2. A way to educate

Nothing helps a person learn like doing something for themselves. Sitting in a classroom or a laboratory and simply listening and watching doesn’t suit everyone; it’s easy for minds to wonder and for instructions to be forgotten.

However, VR is proving to be a useful educational tool. It’s highly mobile so can be used in a range of different settings, and it’s immersive so students feel they are actually ‘doing’ something themselves. Skills learnt more likely to be remembered, plus of course it’s a safe way of making mistakes without the worry of serious consequences. The RNLI’s Beach Builder Challenge is an example of this. It allows children to create their own virtual ‘beach’ whilst also learning how to spot danger and what to do in an emergency.

3. Raising awareness

Many charities raise awareness around illnesses and conditions which are often little understood or rarely heard of. But how can you effectively explain what life is like for someone with a disability? How can you help someone to ‘walk a mile in their shoes’? The answer lies in VR.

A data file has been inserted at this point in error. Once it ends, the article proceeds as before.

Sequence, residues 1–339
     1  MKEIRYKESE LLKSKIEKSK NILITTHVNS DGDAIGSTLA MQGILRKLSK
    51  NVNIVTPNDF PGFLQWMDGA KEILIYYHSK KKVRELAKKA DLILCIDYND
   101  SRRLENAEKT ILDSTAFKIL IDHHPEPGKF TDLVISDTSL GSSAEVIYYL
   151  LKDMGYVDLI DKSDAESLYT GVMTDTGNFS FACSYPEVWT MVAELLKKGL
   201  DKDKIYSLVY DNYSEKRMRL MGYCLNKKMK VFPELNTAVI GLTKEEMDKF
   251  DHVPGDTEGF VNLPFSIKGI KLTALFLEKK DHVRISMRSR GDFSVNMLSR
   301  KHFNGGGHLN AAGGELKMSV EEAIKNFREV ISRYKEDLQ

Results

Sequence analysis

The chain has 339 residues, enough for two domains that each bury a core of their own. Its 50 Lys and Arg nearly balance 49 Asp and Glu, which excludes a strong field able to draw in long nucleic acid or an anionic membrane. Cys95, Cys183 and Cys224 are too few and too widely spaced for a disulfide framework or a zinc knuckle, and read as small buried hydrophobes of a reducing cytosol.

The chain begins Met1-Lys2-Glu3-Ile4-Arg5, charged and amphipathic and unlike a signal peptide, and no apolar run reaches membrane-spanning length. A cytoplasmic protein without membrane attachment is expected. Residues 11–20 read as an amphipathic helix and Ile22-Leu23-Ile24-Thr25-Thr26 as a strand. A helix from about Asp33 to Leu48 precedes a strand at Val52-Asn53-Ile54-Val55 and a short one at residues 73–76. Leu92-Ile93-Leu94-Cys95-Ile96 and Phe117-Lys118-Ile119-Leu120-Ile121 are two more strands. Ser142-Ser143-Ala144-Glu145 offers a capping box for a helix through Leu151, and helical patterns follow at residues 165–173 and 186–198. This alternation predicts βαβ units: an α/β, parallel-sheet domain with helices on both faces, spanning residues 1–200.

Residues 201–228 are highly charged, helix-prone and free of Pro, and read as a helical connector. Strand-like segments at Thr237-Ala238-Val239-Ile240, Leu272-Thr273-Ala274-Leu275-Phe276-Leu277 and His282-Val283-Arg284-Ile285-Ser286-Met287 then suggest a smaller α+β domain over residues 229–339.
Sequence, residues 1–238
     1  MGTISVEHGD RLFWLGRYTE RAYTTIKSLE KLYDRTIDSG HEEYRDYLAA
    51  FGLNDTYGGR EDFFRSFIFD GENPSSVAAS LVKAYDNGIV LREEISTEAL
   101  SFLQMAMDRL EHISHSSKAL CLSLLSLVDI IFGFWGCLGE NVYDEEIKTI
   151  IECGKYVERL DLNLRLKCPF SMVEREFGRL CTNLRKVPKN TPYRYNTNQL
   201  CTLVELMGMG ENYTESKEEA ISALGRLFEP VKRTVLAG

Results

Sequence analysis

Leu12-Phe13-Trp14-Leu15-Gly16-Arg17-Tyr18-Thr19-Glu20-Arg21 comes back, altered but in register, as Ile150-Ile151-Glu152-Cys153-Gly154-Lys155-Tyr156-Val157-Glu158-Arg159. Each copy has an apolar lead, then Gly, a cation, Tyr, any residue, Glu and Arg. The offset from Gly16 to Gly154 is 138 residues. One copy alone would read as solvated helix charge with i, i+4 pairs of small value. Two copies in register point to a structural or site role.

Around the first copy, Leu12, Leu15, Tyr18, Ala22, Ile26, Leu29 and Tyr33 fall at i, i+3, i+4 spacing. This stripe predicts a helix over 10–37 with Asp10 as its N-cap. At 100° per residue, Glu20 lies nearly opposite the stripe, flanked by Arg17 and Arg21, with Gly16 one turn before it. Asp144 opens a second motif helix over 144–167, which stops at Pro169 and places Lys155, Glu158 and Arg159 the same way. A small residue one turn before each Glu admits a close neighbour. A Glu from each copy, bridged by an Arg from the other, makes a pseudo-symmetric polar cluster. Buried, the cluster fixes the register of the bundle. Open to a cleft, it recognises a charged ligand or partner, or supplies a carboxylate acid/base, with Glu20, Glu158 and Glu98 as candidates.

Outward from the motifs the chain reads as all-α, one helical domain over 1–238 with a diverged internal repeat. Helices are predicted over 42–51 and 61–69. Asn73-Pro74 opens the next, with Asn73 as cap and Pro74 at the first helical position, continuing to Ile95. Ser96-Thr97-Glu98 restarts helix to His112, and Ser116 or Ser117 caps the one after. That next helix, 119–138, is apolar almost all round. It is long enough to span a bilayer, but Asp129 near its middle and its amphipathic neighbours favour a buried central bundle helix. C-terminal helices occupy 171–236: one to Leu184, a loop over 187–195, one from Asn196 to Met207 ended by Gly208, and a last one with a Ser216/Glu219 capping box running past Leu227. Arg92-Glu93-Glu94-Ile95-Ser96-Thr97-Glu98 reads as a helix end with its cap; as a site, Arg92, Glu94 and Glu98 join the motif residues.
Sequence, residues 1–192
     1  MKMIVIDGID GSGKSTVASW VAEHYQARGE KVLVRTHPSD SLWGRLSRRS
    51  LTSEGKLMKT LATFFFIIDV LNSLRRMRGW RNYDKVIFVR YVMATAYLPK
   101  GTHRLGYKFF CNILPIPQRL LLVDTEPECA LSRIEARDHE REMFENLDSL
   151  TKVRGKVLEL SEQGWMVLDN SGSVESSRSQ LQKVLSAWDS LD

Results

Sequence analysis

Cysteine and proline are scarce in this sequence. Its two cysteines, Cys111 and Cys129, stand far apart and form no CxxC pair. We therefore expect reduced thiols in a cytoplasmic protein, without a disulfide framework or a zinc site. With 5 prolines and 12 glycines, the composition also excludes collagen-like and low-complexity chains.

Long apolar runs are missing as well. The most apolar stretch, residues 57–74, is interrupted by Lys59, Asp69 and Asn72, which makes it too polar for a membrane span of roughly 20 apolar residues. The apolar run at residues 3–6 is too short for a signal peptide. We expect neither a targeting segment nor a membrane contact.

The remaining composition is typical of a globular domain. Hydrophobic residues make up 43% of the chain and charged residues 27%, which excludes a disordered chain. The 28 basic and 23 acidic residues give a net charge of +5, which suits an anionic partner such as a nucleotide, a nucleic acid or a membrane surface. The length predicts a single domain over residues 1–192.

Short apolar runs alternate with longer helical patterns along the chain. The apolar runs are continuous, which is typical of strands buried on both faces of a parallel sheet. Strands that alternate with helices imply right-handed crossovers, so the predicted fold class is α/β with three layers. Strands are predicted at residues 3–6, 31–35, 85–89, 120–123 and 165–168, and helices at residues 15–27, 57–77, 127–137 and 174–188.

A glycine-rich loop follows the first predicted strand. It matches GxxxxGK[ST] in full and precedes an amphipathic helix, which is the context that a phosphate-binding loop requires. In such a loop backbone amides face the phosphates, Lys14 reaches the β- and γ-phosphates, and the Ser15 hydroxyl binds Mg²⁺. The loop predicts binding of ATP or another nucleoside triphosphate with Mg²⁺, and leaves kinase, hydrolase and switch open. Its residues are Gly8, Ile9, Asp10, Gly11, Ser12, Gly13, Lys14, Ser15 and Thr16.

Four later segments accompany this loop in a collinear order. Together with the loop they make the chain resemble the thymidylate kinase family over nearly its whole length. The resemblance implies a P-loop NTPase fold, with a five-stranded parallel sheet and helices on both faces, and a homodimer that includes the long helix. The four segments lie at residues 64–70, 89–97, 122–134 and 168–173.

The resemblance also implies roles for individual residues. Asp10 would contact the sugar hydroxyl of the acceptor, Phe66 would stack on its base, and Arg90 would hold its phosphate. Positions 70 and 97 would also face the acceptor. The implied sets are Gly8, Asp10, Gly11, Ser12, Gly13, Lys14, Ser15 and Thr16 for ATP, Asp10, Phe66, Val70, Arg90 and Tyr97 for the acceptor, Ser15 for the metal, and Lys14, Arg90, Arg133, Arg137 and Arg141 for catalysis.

As virtual reality is so immersive, it can be used to show people exactly what somebody else experiences. For example, the National Autistic Society recently set themselves up in shopping centre in Bromley, south London, armed with a VR headset. Interested passers by then wore the headset and headphones to experience what shopping in a large centre feels like to someone with autism. A dizzying mix of sounds were played to give the user a feeling of stress and confusion, with many then wanting to learn more about the condition and give a donation.

4. Saying thank you

VR is a fantastic way to show supporters how their money was spent, and to tell them their stories of success. It’s also a good opportunity to thank them for their support, and to encourage people in making further donations in the future.

Cancer Research UK for example recently designed a virtual flower garden based on those at the RHS Hampton Court Palace Flower Show. It was to celebrate the fact that more than 100,000 people had left a donation to the charity in their will. Showing a huge, interactive carpet of thousands of beautiful flowers, it was a very moving tribute and a great way to celebrate the contribution the charity has made to cancer treatment progress.